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Collection Updates

A mysterious, handsome man and a collection conundrum

--by Amy Schlegel, director of galleries and collections, Tufts University; previously published in Art New England magazine, April/May 2013 issue.


Unknown artist, Portrait of Hosea Ballou as a Young Man, date unknown (19th century), oil on linen. On loan from Carla Ricci, EL 1991.1.

Artist unknown + sitter unknown + date unknown = a collections conundrum. Many university collections have objects just like this one that languish in the "Unidentified Dead White Male" inventory of portraits, a dime a dozen in this post-identity politics, supposedly "post-feminist" era. Unidentified objects like this one are often referred to as "objects found in the collection," which, after good faith efforts and due diligence measures are undertaken, may be legitimate candidates for deaccessioning and sale. In this particular case, we were a bit hesitant to try to liquidate the work, and not only because it would probably not bring much, if any, monetary reward, considering we had no solid information about it. But we were also hesitant because this portrait of an unidentified young man had hung in the same location in the main administration building at Tufts, Ballou Hall (the first building built when Tufts was founded in 1852) in the entry suite of the President's and Provost's Offices for as long as anyone could remember.

Now the fact that this painting has been on view in such a prominent location would suggest that it has some historical import, some relevance to University history, or some art historical significance, even if no one currently working at the University knew what that is. And no third-party expert was able to identify the artist or the sitter for us. So we decided to put the painting before the University Gifts of Art Committee, which I chair, to accession it to the permanent collection, which indeed occurred in 2010.

Despite the yeoman's work of collections cataloging and documentation was incrementally harnessed by a small staff of two part-time registrars and an occasional collection intern, we still had no idea as to the origins of this painting and no documentation in the object files regarding how it came to Tufts. But we nevertheless wanted to accession the painting because it had become our favorite "orphaned work." Why? The consensus was that the sitter, that well-coiffed young man whose likeness was portrayed -- to use an anachronism -- was "eye candy." This portrait had became known in the collections department as the "Handsome Man," and the mystery of its identification and provenance presented a kind of provocative flirtation with which we wanted to continue.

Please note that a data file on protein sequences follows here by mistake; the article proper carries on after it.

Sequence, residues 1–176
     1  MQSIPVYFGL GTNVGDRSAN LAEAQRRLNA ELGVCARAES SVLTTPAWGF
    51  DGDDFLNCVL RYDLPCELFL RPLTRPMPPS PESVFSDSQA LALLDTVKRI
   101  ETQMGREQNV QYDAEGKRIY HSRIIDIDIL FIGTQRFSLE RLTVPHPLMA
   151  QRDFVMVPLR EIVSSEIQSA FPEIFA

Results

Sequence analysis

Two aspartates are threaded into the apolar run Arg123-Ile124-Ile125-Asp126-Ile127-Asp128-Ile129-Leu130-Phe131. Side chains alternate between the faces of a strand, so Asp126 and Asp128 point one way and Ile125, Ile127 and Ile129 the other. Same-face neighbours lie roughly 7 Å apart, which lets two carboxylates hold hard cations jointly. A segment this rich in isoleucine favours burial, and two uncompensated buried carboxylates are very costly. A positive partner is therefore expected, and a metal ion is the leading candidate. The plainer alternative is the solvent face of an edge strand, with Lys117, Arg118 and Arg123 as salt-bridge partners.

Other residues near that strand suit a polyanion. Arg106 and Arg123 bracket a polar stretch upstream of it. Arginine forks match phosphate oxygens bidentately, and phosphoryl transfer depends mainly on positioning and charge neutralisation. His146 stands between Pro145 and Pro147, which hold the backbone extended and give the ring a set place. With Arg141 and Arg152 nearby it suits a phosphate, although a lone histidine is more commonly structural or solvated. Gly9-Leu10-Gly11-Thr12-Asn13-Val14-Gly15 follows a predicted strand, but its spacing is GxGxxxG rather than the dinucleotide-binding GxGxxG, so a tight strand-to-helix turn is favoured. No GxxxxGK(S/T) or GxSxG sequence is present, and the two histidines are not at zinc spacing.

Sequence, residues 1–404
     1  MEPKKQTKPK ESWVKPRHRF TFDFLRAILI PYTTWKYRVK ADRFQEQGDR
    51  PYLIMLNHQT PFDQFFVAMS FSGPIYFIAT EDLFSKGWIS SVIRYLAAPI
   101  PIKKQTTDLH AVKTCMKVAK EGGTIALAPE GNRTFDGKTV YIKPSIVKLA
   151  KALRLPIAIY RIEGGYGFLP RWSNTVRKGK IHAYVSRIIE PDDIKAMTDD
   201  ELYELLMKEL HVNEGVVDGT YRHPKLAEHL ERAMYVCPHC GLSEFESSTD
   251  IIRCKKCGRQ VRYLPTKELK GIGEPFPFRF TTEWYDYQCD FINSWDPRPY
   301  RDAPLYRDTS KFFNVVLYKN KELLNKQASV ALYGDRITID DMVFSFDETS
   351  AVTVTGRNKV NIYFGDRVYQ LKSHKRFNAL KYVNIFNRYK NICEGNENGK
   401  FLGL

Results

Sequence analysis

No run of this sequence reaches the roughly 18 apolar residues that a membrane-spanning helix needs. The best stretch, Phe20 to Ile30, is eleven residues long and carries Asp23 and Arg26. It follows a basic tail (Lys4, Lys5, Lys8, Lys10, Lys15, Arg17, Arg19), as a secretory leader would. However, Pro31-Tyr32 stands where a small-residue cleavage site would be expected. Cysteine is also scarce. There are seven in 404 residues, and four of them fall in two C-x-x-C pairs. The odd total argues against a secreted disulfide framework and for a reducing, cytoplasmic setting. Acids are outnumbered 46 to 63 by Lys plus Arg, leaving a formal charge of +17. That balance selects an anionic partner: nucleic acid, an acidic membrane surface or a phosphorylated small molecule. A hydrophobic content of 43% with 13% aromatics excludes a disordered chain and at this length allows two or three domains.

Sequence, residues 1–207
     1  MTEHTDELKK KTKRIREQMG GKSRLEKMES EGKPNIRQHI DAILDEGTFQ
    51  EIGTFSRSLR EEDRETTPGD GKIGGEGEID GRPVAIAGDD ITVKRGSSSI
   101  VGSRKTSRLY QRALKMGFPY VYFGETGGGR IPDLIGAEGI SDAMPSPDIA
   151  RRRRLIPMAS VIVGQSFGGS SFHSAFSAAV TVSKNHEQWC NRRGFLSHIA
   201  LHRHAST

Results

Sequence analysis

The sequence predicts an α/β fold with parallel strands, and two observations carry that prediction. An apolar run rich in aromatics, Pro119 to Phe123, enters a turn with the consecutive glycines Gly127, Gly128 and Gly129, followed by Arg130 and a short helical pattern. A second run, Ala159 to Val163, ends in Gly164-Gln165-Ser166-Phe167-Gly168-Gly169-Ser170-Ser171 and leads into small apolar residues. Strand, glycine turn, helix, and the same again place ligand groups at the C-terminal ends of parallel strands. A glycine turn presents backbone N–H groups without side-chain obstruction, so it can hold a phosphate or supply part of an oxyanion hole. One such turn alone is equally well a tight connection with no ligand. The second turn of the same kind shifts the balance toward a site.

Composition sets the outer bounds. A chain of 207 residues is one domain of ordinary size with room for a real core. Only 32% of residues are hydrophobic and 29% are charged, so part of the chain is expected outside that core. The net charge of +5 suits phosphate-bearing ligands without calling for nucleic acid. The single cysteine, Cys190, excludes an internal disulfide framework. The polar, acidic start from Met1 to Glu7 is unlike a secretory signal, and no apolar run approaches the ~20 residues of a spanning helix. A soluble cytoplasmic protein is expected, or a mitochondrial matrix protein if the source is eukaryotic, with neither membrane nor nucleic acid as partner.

Last summer, during some belated "routine" collections archival work undertaken by an enterprising intern, Aimee-Michelle Pratt, who was about to enter the Tufts Museum Studies program in the fall of 2012, a conservation receipt from the Fogg Museum at Harvard was found with a description of a painting matching the "Handsome Man." Apparently, the painting was "given" to Tufts in 1991 by an Associate Provost for Research, after she purchased it at auction 1990 and then had the painting conserved at the Fogg prior to its arrival at Tufts. That now-retired administrator still lives in the area and we were able to find her in the white pages. It turns out that she had never donated the painting to Tufts, but had intended it as a long-term loan to stay on view "in perpetuity" in that same spot, though no loan agreement was ever executed stating her desires. So in November 2012, the painting that was accessioned in 2010 was then put for a vote to deaccession, since it technically should not have been accessioned in the first place and the newly identified lender still did not wish to donate the painting.

Another part of the mystery surrounding the Handsome Man was also solved at this time: the sitter's identification. He is the young Hosea Ballou, who in 1852 was one of the founders of Tufts who became a minister in the Universalist church. In the adjacent Coolidge Room in Ballou Hall, a portrait from 1851 of the older Hosea Ballou hangs, but the resemblance between the two men is difficult to discern. So our lender knew exactly what she was doing when she purchased the painting of the handsome, young Hosea Ballou at auction, but these important clues were lost in the shuffle as University property inventories were just beginning to be computerized and the Aidekman Arts Center was dedicated in the spring of 1991. With the focus on new art being made by MFA candidates in the joint degree program between Tufts and the School of the Museum of Fine Arts at the Arts Center, artistic property whether on loan or donated to the University was not necessarily treated as part and parcel of University history worthy of collection management best practices (like loan forms), which were still very much in their infancy then at many universities without a freestanding museum on campus, such as the Fogg.

Our hope is that the lender will bequeath the portrait of the Young Hosea Ballou to Tufts, where it will finally become part of the permanent art collection and have shared custody with the Digital Collections and Archives, the steward of University history. We also know it cannot remain on view "in perpetuity" and is in need of conservation, as all works of art are periodically. While the painting will indeed be removed from the spot it has inhabited for over 20 years soon, it will be replaced, perhaps more appropriately, with the older portrait of Hosea Ballou as Universalist minister, painted concurrently with the establishment of the University and more symbolically fitting as an instantiation of its founding as an institution open to all faiths and creeds.